Designed by Zaha Hadid Architects, the phoenix-shaped Beijing’s Daxing International Airport is a new iconic building in the Chinese capital.
With a total GFA of over 700,000m², it is set to be the world’s largest in surface area and maximum capacity of 100 million passengers every year, relieving pressure on the Beijing Capital International Airport.
The new airport is also designed to be a super transportation hub for Beijing – beneath the terminal building there will be three underground railway stations with a total area of 200,000m² for five railway lines to allow easy transfer for passengers to various means of transportation.
In realising this second international airport for Beijing , Arup was appointed as the fire engineering consultant by the Beijing Institute of Architectural Design, and later to carry out peer review and value engineering for the steel roof structure by the Beijing New Airport Construction Headquarters.
100mannual passengers maximum capacity
170,000+steel members for the signature rooftop
While the flowing, interconnected form of the terminal building creates a stunning piece of architecture, it poses huge design challenges in terms of fire safety, which is further complicated by the transportation hub underneath with interconnected spaces treated as a single massive fire compartment.
Arup’s fire engineers took a performance-based design approach and adopted a series of fire protection strategies, including smoke curtains, fire shutters and fire separation bands to prevent the spread of fire and smoke from one fire control zone to another, replacing traditional solid walls that affect passenger circulation. High risk areas are fully contained with fire resistant construction. We also took advantage of the large atrium in the Central zone to control the smoke by buoyancy and dilution.
A smart egress strategy
Emergency egress presents another major design challenge due to the terminal’s vast size and the large number of occupants. The escape distance to outside is over 200m for most parts of the Central zone, whereas in a standard building this escape distance should be within 75m. A total of 29 egress stairs are thus provided in the Central zone to shorten the travel distance on various floors and help divert passenger flow to prevent bottlenecks.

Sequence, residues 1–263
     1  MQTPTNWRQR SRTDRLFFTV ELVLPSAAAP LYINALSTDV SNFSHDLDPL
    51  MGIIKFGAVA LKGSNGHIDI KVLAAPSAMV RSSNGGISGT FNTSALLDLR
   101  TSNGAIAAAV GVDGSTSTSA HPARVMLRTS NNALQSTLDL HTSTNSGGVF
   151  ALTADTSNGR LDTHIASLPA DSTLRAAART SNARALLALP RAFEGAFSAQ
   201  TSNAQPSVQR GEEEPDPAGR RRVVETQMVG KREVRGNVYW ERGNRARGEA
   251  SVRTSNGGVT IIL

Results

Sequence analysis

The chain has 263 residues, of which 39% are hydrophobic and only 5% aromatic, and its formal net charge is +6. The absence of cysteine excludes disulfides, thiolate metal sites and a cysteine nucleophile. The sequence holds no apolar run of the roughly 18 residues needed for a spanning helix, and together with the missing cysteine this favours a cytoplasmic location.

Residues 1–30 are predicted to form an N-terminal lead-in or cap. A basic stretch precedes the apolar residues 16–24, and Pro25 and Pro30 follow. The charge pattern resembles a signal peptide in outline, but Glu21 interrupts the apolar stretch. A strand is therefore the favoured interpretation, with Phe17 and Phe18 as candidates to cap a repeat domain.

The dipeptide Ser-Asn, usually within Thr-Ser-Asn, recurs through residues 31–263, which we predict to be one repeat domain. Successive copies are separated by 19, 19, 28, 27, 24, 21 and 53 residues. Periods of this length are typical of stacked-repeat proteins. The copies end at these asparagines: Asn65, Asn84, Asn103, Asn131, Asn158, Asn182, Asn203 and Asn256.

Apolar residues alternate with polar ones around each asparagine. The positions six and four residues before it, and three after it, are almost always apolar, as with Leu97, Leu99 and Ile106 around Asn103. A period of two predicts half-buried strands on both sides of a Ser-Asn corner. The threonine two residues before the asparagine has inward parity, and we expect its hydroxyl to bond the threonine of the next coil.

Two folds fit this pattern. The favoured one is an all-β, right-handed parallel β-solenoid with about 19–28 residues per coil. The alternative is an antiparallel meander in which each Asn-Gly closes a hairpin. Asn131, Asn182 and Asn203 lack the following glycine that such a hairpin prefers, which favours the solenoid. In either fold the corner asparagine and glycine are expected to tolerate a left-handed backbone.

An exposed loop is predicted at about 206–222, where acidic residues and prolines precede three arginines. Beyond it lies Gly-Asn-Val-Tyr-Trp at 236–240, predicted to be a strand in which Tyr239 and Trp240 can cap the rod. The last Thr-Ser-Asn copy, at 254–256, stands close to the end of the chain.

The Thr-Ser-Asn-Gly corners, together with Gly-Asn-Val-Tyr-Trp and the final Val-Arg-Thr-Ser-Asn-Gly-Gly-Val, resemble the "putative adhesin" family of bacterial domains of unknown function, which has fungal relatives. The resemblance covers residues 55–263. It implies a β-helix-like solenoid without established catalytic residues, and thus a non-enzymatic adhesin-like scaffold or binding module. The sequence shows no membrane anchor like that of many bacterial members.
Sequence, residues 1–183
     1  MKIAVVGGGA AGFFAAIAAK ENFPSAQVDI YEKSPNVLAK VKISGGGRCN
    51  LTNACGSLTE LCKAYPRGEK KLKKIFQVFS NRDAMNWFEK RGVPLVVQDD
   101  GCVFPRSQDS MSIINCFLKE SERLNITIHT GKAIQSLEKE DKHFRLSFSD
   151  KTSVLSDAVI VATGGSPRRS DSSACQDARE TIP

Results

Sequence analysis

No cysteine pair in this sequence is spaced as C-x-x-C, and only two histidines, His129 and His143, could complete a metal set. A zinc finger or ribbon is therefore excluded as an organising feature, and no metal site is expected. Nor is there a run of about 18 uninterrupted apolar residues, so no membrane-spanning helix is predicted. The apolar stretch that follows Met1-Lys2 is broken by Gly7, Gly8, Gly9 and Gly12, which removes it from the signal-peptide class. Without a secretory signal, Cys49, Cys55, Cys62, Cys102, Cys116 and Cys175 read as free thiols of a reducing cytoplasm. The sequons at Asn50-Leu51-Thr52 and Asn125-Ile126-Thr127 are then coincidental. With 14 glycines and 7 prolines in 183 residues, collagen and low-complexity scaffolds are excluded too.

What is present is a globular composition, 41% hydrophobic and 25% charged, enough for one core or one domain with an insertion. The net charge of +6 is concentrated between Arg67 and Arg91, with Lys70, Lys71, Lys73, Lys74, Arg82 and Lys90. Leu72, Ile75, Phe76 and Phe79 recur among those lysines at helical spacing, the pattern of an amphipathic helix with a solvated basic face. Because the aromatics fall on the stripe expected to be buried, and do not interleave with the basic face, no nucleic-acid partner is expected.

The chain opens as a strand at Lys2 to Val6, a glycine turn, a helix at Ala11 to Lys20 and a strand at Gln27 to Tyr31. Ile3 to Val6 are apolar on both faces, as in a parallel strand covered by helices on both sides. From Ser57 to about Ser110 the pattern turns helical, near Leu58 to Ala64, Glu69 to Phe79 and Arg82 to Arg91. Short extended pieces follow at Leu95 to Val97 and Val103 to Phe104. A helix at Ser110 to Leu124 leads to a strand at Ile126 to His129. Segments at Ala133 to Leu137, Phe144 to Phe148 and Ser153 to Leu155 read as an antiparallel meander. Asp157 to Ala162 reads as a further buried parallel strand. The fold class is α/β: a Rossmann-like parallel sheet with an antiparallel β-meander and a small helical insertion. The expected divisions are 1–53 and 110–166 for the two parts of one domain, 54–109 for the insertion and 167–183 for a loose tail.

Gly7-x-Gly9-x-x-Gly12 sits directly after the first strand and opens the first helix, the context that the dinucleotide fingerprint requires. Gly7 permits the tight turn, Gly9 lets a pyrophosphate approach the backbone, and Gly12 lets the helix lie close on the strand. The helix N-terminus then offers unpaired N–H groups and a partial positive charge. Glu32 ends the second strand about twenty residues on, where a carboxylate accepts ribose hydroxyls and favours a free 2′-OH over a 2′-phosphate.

Concerning the risk posed by baggage handling rooms on arrivals hall during evacuation, Arup proposed a smart egress strategy for the public space in the Central zone by providing different egress routes based on the fire location.
Optimising the roof structure
The roof of the terminal building is a large-span and complex hyperboloid steel grid structure covering over 350,000m² and containing more than 170,000 steel members. It is supported by giant C-shape columns seamlessly connecting with the roof curvature.
Arup engineers, with the help of in-house developed software, studied the structural configuration, loading, vertical support system reactions and the structural deflection and displacement. A total of 420 load combinations were considered and 38 different cross section sizes were employed in the superstructure. Our analysis revealed that there was room for design optimisation.
With extensive experience in longspan steel structures and structural design optimisation, Arup proposed various strategies for the different zones of the terminal to improve the roof truss patterns and reduce unnecessary structural depth and member sizing.
Efficiency is the key
Although the design of the steel roof had already been reviewed by several local design institutes prior to the peer review, Arup’s comprehensive optimisation strategies helped the project to achieve further reduction in steel tonnage, resulting in significant cost saving and reduction in carbon emission.
By realising the integration of the transportation hub and the terminal building – instead of placing them at separate locations – Arup’s solution will help to save over 1.6 million hours for nearly 30 million passengers every year.